Unjust enrichment occurs when a benefit is conferred “upon a person in circumstances in
which retention of the benefit, without paying its reasonable value would be unjust.” Simply
Thick, LLC v. Thermo Pac, LLC, No. 4:13-CV-1036 CAS, 2014 WL 4802035 at *4 (E.D. Mo.
Sept. 23, 2014) (citing S & J, Inc. v. McLoud & Co., LLC, 108 S.W.3d 765, 768 (Mo. Ct. App.
2003)). To prove a claim for unjust enrichment, a plaintiff must show “1) a benefit conferred
upon the defendant by the plaintiff; 2) appreciation by the defendant of the fact of such benefit;
3) acceptance and retention by the defendant of that benefit under circumstances in which
retention without payment would be inequitable.” Gannon Intern. Ltd. v. Blocker, No.
4:10CV835 JCH, 2011 WL 3438886 at *4 (E.D. Mo. Aug. 5, 2011) (citing Webcon Group, Inc.
v. S.M. Props., L.P., 1 S.W.3d 538, 542 (Mo. Ct. App. 1999)). Unjust enrichment is an equitable
remedy based upon the concept of a quasi-contract. Affordable Cmty of Mo. v. Fed. Nat’s Mortg.
Ass’n, 714 F.3d 1069, 1077 (8th Cir. 2013) (citing Reyner v. Crawford, 334 S.W.3d 168, 174
(Mo. Ct. App. 2011)).
TGI’s unjust enrichment claim fails for two reasons. First, TGI fails to allege or put forth
facts showing the benefit conferred upon Plaintiffs was conferred by TGI. The benefit must be
conferred upon Plaintiffs by TGI. See Speaks Family Legacy Chapels, Inc. v. Nat’l Heritage
Enter., Inc., No. 2:08-CV-04148-NKL, 2009 WL 2391769 at *4 (W.D. Mo. Aug. 3, 2009)
(citing Am. Civil Liberties Union/E. Mo. Fund v. Miller, 803 S.W.2d 592, 595 (Mo. 1991)). The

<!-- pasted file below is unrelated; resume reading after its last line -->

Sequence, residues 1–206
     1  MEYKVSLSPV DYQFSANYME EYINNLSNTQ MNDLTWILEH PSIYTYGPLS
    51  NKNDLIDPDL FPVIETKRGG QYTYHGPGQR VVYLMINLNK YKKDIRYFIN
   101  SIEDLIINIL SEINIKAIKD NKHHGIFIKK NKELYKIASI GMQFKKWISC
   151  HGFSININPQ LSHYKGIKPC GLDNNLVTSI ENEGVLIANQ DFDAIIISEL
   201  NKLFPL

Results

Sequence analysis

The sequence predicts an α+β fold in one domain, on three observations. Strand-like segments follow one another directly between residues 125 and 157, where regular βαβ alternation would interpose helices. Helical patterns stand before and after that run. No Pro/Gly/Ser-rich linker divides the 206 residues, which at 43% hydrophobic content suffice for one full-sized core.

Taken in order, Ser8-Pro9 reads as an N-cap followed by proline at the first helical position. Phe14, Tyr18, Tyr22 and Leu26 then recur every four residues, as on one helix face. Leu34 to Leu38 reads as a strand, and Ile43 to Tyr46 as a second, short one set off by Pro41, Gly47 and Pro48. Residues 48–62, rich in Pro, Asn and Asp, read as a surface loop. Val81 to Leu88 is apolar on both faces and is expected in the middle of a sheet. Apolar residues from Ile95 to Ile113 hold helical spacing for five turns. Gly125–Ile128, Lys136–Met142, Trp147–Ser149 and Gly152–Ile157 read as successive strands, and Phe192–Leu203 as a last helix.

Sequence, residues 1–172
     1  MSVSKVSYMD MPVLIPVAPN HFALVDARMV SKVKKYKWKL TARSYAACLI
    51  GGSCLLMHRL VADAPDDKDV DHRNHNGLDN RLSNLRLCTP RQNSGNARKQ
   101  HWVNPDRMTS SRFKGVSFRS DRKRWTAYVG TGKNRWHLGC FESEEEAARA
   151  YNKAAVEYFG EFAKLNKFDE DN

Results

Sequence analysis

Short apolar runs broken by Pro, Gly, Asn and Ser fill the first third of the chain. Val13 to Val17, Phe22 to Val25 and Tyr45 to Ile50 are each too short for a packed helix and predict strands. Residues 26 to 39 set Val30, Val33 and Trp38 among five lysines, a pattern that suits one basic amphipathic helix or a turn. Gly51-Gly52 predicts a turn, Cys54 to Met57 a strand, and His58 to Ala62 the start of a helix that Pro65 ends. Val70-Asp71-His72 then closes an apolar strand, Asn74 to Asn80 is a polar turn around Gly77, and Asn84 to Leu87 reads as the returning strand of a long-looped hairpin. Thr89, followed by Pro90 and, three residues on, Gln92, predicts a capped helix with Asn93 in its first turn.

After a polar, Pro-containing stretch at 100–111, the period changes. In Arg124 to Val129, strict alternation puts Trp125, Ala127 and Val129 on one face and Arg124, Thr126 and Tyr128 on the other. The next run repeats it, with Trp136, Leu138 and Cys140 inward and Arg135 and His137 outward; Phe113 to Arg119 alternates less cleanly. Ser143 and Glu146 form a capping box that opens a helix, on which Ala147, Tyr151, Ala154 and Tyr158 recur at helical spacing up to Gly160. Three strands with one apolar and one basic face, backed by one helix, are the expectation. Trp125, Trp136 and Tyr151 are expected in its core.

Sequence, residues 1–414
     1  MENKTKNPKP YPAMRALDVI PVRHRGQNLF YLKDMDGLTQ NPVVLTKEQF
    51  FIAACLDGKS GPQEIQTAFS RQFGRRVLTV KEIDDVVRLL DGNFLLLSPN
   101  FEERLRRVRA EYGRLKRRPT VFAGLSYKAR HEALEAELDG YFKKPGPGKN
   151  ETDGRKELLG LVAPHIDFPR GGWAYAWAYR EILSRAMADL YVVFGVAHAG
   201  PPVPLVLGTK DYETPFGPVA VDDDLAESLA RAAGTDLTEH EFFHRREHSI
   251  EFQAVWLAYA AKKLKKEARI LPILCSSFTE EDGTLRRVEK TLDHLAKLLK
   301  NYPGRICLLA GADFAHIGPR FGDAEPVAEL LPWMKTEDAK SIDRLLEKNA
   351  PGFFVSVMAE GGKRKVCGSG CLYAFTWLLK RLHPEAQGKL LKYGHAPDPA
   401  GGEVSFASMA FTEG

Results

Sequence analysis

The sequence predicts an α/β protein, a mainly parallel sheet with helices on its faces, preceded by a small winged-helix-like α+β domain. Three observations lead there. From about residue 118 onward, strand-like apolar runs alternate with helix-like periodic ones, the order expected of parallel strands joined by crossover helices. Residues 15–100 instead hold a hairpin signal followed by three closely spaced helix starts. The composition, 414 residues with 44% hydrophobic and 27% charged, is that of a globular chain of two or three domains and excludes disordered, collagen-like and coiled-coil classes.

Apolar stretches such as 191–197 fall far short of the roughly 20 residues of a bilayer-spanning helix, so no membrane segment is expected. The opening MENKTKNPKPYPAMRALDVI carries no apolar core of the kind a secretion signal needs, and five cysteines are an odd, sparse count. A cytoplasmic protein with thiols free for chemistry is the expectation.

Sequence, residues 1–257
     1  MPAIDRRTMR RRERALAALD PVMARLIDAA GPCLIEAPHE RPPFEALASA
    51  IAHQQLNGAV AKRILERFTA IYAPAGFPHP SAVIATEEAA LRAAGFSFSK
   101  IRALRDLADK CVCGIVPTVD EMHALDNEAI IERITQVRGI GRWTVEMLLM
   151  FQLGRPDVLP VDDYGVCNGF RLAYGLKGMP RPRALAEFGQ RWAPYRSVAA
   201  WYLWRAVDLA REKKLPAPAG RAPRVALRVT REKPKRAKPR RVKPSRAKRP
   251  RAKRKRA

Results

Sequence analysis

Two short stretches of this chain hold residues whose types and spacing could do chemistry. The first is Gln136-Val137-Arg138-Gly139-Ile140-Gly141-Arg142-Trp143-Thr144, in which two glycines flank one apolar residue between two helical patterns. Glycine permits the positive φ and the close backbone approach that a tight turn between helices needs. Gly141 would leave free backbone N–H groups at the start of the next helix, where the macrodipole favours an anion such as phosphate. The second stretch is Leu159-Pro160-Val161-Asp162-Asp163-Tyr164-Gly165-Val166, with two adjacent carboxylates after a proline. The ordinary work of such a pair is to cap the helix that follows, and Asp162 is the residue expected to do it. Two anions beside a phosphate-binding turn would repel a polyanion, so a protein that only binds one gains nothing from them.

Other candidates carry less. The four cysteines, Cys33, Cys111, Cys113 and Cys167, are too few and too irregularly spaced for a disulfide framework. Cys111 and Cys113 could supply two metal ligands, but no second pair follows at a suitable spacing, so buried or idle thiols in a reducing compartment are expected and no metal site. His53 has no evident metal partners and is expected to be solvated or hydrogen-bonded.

benefit at issue here, the money paid for the hotel room by Ms. Stevens, was not given to
Plaintiffs by TGI but instead was given to Plaintiffs by Ms. Stevens. Therefore, TGI cannot
establish unjust enrichment. See Speaks, 2009 WL 2391769 at *4 (unjust enrichment claim
dismissed because plaintiffs did not allege any of plaintiffs’ money or services passed directly to
Second, TGI’s unjust enrichment claim fails because it has not produced sufficient
evidence to support the claim. TGI’s unjust enrichment claim lacks support for the same reasons
of its conversion claim, as the evidence used to support it is the same. Therefore, the Court will
grant summary judgment in favor of Plaintiffs.
Plaintiffs assert they are entitled to summary judgment on Count III of TGI’s
counterclaim for negligence because there is no evidence of actual damages. TGI asserts Mr.
Shipman statements regarding the damage to the hotel room are sufficient evidence of damages.
In Missouri, to establish a claim for negligence, a party must prove the existence of a
duty, breach of the duty, injury proximately caused by the breach of duty, and actual damages.